The Washington Post

Has T-Mobile’s foul-mouthed CEO crossed the line?

John Legere, chief executive officer of T-Mobile. (Bloomberg)

Update: A previous version of this article identified T-Mobile as “consistently in third place behind AT&T and Verizon.” The company is actually in fourth place.

Mohandas Gandhi: “First they ignore you, then they laugh at you, then they fight you, then you win.”

T-Mobile chief executive John Legere seems stuck in the second part of this aphorism.

Legere, head of the telecommunications company consistently in fourth place behind AT&T and Verizon, offered some semi-printable commentary at a press event on Wednesday.

He introduced T-Mobile’s free test of their network with a iPhone 5S, but it wasn’t the freebie that made headlines.

Legere on his competitors’ failure to offer unlimited data: “They’re greedy bastards.”

On his competitors’ advertisements: “Maps and charts and promises and happy families running through the g–damn store — what the f— do I care about all that?”

On how high charges for data impact music streaming: “Every g–damn note you listen to including the ads we’re going to charge you for.”

On Pharrell: “That guy that sings ‘Happy’ … makes me sick.”

On his competitors’ lack of largesse: “These high and mighty duopolists that are raping you for every penny you have, if they could do something nice for you they would. The f–kers hate you.”

The rape comment in particular did not go over well.

Brendan Greeley of Bloomberg Businessweek:

Legere is playing a game here. Every time he makes a public appearance, he needs to be just offensive enough to get our attention. That means he has to be slightly more offensive than the last time he got our attention. This is a machine with a ratchet, and it has now produced the deeply unfunny word “rape.” Perhaps no word is sacred, but that’s a defense for an act of art — not a corporate communications strategy. John Legere sells phone plans for a living. He’s not Sarah Silverman or Lenny Bruce.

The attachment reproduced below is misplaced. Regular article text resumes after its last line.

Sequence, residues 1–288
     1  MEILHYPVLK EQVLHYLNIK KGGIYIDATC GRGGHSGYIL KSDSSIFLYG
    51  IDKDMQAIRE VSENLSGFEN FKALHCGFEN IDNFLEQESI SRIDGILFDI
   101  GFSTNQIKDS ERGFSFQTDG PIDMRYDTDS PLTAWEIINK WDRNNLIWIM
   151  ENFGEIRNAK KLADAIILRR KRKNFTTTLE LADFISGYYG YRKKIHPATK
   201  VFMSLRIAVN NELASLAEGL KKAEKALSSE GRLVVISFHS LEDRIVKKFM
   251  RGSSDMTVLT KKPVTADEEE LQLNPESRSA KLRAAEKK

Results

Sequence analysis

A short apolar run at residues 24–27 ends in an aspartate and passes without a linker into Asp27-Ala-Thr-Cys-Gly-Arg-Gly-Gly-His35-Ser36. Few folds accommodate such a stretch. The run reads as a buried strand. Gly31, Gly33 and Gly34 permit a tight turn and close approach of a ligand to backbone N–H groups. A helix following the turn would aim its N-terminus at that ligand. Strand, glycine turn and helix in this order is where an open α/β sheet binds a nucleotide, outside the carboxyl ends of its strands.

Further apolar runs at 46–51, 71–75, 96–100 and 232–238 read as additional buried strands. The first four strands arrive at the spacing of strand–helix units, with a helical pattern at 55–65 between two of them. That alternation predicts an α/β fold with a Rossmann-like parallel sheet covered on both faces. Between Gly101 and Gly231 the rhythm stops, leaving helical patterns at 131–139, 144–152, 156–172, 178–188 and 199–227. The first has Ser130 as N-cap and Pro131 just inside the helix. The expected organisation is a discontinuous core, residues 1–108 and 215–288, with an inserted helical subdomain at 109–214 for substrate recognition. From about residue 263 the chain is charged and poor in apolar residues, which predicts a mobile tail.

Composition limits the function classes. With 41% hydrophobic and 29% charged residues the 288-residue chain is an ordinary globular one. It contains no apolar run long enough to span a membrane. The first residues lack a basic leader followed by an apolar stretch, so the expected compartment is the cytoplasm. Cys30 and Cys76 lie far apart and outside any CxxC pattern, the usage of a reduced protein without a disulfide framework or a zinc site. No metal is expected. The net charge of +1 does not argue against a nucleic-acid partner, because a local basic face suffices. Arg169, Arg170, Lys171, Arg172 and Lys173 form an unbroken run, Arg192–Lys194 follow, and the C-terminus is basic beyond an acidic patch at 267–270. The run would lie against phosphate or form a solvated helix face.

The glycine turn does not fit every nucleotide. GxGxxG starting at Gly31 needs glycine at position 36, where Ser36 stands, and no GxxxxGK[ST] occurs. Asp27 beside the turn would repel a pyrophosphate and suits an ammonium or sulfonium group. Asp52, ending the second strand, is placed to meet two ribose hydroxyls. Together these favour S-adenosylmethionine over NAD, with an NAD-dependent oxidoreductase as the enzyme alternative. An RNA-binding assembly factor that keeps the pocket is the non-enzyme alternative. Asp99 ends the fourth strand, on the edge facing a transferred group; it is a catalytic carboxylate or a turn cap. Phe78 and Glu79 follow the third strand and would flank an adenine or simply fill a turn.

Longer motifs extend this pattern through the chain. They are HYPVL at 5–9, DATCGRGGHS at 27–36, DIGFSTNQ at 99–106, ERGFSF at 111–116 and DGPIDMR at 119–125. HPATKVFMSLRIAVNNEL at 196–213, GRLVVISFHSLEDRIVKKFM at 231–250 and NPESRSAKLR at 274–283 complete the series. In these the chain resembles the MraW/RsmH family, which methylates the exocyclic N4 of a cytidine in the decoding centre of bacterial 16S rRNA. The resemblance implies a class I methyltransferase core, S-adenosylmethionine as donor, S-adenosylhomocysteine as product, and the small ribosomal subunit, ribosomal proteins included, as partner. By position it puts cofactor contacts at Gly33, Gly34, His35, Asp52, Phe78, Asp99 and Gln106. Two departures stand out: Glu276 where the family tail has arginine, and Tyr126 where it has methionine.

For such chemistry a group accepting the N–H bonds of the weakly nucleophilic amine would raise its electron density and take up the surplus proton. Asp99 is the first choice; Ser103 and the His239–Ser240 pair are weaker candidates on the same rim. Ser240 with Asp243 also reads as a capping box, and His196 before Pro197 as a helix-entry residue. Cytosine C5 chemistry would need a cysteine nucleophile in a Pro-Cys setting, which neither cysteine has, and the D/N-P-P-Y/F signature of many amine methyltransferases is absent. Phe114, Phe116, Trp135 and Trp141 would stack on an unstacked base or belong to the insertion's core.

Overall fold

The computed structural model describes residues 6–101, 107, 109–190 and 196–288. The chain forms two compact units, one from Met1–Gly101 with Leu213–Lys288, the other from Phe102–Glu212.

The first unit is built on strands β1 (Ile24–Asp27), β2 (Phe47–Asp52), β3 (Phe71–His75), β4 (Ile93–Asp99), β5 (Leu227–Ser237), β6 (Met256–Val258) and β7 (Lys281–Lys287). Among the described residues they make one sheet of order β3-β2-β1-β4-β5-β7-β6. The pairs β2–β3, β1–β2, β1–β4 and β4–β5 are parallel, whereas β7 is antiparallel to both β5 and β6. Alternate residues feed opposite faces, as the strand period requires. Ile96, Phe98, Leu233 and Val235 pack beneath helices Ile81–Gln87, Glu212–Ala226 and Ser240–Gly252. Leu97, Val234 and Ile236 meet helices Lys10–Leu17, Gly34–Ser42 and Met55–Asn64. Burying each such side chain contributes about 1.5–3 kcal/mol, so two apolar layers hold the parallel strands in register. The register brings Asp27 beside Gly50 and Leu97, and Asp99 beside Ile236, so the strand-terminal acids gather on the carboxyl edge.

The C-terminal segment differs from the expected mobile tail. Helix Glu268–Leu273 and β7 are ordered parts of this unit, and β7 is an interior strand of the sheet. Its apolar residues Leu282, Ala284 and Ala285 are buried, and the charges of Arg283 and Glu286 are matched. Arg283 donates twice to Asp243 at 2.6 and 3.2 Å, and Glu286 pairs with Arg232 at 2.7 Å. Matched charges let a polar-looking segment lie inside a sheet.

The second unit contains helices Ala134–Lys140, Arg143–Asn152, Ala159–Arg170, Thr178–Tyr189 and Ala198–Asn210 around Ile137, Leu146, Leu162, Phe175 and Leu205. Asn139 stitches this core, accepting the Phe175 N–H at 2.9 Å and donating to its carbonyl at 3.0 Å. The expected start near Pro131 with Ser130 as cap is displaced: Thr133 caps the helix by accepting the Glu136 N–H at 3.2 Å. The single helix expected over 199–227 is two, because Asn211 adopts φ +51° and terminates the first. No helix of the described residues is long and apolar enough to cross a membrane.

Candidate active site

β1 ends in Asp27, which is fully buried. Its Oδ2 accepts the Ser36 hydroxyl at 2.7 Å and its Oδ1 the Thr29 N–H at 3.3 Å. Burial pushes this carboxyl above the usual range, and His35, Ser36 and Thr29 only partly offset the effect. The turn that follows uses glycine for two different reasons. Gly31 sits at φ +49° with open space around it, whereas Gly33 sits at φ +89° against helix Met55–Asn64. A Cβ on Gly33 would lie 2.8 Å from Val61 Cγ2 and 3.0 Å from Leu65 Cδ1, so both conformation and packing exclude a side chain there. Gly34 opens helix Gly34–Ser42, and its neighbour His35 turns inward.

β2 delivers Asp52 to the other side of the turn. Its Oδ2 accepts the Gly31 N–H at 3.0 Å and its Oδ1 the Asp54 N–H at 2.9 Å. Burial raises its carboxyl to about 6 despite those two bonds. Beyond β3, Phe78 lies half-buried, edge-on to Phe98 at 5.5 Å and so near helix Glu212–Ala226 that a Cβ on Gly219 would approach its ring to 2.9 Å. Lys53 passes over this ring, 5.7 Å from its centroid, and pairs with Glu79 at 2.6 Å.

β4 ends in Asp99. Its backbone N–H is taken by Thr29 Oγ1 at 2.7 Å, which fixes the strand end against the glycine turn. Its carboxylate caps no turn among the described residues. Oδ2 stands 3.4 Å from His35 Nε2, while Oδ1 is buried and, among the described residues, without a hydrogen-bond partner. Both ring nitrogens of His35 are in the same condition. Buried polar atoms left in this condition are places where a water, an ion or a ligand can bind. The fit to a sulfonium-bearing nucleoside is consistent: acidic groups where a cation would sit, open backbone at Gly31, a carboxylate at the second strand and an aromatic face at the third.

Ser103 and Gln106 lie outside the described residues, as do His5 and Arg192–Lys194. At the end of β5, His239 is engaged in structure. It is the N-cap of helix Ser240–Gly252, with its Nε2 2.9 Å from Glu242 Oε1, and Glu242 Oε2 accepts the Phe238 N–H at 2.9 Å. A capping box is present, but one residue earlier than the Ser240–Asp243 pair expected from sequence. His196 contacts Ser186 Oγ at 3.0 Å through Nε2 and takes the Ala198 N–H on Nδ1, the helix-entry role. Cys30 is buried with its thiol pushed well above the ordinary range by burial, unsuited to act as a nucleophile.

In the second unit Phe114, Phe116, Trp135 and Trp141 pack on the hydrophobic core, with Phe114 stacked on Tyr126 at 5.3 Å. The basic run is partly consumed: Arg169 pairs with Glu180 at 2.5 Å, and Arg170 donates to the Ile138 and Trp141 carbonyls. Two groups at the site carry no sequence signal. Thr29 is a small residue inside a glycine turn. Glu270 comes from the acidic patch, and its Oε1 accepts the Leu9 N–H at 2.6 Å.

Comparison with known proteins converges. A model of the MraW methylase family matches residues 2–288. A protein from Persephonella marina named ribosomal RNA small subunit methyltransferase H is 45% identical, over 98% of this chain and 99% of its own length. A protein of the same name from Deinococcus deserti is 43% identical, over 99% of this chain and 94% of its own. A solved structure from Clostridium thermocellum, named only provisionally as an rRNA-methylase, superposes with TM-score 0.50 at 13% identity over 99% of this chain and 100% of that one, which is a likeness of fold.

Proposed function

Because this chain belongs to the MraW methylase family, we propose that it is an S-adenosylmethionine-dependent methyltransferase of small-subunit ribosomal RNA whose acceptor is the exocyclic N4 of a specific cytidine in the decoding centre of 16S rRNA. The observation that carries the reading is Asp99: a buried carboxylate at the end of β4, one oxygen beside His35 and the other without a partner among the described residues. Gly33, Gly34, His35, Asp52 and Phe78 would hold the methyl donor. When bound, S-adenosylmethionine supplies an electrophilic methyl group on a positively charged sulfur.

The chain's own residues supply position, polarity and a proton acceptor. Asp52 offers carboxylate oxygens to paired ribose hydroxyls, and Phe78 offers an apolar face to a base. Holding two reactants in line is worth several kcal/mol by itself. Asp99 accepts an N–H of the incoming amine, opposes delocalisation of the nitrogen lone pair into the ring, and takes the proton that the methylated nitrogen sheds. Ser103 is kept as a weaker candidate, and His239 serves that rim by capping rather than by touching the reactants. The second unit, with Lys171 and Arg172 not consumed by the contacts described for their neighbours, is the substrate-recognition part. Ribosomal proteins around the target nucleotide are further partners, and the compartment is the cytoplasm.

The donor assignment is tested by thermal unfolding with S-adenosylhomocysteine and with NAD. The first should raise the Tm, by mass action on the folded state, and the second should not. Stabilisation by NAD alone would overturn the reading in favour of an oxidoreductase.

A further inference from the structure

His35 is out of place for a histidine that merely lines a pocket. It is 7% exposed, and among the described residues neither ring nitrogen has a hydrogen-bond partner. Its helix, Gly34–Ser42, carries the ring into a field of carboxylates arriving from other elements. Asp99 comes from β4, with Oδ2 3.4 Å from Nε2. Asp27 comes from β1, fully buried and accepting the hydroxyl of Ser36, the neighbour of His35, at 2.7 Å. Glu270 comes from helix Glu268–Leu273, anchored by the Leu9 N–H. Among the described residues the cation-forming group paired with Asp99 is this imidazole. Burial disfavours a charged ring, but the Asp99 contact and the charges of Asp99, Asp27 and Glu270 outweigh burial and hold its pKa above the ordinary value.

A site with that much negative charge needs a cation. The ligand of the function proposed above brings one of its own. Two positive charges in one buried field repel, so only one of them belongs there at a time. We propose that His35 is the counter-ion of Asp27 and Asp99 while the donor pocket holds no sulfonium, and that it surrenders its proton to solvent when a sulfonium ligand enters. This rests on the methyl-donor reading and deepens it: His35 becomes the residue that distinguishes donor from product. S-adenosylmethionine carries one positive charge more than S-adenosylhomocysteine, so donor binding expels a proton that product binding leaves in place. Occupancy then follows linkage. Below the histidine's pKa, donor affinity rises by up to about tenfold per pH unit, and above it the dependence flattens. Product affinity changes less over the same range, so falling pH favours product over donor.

Legere offered a catch-all apology on Thursday:

As rumors swirl that Sprint and T-Mobile will merge to take on AT&T and Verizon, Legere seems to enjoy being the underdog. It’s a status that lets him wear pink shirts under black blazers, call his company “the Uncarrier” and let epithets fly.

Previous examples, courtesy the International Business Times:

One the family plan: “The family plan is one of the biggest evils in this industry…. Lower prices. That is total horses–t.”

On the future of telecommunications: “We are either going to take over this whole industry, or these bastards are going to change, and the whole industry is going to shift. I don’t give a g–damn which. I can’t wait to watch the peckers scream and cry.”

On disruption: “All the disruption in the world doesn’t mean s–t without a network to back it up.”

On the planned Amazon smartphone:

(Disclosure: Amazon founder Jeff Bezos owns The Washington Post.)

“I don’t walk closely up against the line. I ignore it. It’s who I am,” Legere told Business Insider earlier this year. “I may be a little rough and crude, but I’m much more like my customers and employees than I am an executive. I think employees relate to the way I speak, customers relate to exactly the way I think and talk. And it’s who I am.”

If T-Mobile does merge with Sprint, the resulting conglomerate could have a market cap of about $50 billion.

That’s still only about one-quarter of AT&T or Verizon — but might be big enough to force Legere to clean up his act and spring for a tie.

For those who want more, more vintage Legere:

Justin Wm. Moyer is a reporter for The Washington Post's Morning Mix. Follow him on Twitter: @justinwmmoyer.



Success! Check your inbox for details. You might also like:

Please enter a valid email address

See all newsletters

Show Comments

Sign up for email updates from the "Confronting the Caliphate" series.

You have signed up for the "Confronting the Caliphate" series.

Thank you for signing up
You'll receive e-mail when new stories are published in this series.
Most Read



Success! Check your inbox for details.

See all newsletters

Your Three. Videos curated for you.
Play Videos
From clubfoot to climbing: Double amputee lives life of adventure
Learn to make traditional soup dumplings
Deaf banjo player teaches thousands
Play Videos
Unconventional warfare with a side of ale
The rise and fall of baseball cards
How to keep your child safe in the water
Play Videos
'Did you fall from heaven?': D.C.'s pick-up lines
5 ways to raise girls to be leaders
How much can one woman eat?
Play Videos
How to get organized for back to school
How to buy a car via e-mail
The signature drink of New Orleans
Next Story
Lindsey Bever · June 20, 2014

To keep reading, please enter your email address.

You’ll also receive from The Washington Post:
  • A free 6-week digital subscription
  • Our daily newsletter in your inbox

Please enter a valid email address

I have read and agree to the Terms of Service and Privacy Policy.

Please indicate agreement.

Thank you.

Check your inbox. We’ve sent an email explaining how to set up an account and activate your free digital subscription.